Skip to content

Create A Facebook Page And Display Your Portfolio As A Slideshow

January 9, 2013

I’ve been doing what every illustrator does at the start of a new year: asking myself if there’s a better way to display my portfolio so art directors will actually look at it,
be astounded, and hasten to hire me for large sums of money… : )BlankVertSpace.4pixels

I have a portfolio right here on my blog, of course. People can click on the thumbnails in the sidebar and view the full-size illustrations. And since the sidebar is always present, they can click on one thumbnail after another.

Art directors, however, are pressed for time. Illustrators are always pestering them to look at their work. So it’s to an illustrator’s advantage to speed this up and make life easier for the art director.BlankVertSpace.4pixels

Obvious answer: display one’s portfolio as a clickable slideshow. “Clickable” as opposed to automatic, so the art director can click through at their own pace, stopping at any time for a longer look at a given image.

One can do this on Facebook— for free. First, set up a page for your business. Here’s a screen shot of what mine looks like. I’ve highlighted the title, Like button, short description of the business, and the Photos button. My illustration portfolio is one of several “albums” within the Photos section.

screen shot of Mark Armstrong Illustration Facebook page showing celebrity caricature cover photo, thumbnail for portfolio album, Like button, and Fine Art America shop for prints button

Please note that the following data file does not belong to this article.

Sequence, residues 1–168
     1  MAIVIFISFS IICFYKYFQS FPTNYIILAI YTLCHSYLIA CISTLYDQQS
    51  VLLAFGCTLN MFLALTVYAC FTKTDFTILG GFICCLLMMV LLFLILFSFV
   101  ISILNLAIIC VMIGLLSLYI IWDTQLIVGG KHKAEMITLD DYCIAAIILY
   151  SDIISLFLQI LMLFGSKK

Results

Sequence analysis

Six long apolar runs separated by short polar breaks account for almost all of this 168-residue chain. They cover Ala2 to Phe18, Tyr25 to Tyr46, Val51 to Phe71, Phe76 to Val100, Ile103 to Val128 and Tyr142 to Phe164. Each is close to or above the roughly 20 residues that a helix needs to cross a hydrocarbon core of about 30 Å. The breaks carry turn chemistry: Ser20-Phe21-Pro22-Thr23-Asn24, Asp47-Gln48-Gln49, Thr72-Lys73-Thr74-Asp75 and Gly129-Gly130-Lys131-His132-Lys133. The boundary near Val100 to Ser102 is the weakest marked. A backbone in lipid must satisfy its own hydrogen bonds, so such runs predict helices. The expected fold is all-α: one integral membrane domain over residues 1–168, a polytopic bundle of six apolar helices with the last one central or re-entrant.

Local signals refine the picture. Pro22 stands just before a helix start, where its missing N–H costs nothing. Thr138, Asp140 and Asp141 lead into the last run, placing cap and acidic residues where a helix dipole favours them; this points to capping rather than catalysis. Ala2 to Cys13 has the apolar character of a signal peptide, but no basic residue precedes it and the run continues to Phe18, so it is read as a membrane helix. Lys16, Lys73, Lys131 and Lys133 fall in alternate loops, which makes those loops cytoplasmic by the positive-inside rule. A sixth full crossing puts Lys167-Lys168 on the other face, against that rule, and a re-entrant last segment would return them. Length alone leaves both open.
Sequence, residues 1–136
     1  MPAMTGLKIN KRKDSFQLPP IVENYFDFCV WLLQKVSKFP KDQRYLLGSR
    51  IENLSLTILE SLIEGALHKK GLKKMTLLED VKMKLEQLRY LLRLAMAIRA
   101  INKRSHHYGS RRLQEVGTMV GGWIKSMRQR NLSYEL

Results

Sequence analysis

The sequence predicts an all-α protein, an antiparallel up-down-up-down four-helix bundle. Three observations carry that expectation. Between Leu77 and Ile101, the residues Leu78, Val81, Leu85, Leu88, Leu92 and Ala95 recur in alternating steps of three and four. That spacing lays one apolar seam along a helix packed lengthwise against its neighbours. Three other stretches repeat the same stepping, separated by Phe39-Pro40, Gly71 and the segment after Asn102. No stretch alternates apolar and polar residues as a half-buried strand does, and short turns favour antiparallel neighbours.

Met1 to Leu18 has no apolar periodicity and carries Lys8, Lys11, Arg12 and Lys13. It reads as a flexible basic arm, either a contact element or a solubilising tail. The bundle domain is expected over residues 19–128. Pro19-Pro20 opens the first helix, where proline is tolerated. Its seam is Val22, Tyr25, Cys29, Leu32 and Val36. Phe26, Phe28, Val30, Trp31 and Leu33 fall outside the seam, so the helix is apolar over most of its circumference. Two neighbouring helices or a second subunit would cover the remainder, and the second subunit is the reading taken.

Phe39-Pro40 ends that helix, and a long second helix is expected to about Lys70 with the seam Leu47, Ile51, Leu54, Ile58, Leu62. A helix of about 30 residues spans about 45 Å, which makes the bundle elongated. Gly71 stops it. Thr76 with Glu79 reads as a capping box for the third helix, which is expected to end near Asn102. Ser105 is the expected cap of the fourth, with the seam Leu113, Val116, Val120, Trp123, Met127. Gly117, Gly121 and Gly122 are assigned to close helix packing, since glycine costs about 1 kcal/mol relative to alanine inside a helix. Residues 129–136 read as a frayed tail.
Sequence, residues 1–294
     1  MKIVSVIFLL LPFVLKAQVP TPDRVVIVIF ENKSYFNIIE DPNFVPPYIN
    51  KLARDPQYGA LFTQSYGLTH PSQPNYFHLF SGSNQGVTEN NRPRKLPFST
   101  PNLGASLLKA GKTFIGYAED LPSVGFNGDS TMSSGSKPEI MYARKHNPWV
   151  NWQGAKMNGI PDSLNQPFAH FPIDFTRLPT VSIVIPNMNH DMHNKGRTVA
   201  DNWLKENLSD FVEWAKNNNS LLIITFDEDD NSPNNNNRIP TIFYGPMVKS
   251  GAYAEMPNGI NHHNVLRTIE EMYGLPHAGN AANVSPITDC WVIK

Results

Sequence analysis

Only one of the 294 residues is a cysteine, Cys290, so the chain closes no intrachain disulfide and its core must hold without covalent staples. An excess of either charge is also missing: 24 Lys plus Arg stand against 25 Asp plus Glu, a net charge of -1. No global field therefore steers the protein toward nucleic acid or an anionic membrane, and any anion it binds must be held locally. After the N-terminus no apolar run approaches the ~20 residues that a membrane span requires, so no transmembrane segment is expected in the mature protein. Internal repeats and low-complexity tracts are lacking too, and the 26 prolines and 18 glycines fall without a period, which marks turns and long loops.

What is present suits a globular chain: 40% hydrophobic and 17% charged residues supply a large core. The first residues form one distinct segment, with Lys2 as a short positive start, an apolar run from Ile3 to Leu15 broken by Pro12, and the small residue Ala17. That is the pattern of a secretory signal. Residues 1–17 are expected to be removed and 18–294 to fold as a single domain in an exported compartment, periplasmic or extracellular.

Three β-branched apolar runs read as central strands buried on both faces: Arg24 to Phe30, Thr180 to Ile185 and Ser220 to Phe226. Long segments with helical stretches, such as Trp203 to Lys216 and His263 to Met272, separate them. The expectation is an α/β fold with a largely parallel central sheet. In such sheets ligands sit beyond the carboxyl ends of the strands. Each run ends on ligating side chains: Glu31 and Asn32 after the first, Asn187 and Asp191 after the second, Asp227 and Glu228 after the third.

Once you have a Facebook page, you can promote it on your WordPress blog by using a Facebook Like Box widget. Blog visitors can like your Facebook page by simply clicking the Like button in the sidebar.

Here’s a screen shot of how my Like Box widget displays in my sidebar. The gravatars are displayed randomly each time. Clearly they represent people with a deep appreciation of great art… : ) screen shot of Mark Armstrong Illustration WordPress blog showing Fine Art America shop for prints ad, Get Updates button, follow mrstrongarm on Twitter button, and Facebook Like Box widget displaying in blog sidebar

Facebook does a great job with images, both photos and illustrations. You can upload full-size, high-resolution JPEGs (I use 300 dpi), and they display beautifully.

My personal opinion: 20 images is about right for a portfolio. It respects an art director’s time, and forces you to pick only your best work.

When you access a particular album on Facebook, it initially displays as a block of large thumbnail images. Click on any thumbnail, and the display converts to slideshow format.

Here’s a screenshot of my Portfolio album, displayed as thumbnail images. You choose your own title and description for each Facebook album.

screen shot of Mark Armstrong's Portfolio album on Facebook business page showing thumbnail images of the 20 illustrations in Mark's portfolio with album name and description indicating Mark has over 20 years experience and his specialty is humorous illustration

Once you click on a thumbnail, Facebook shifts to a slideshow display. Click on the right-center of the image (red arrow below), and you advance to the next image.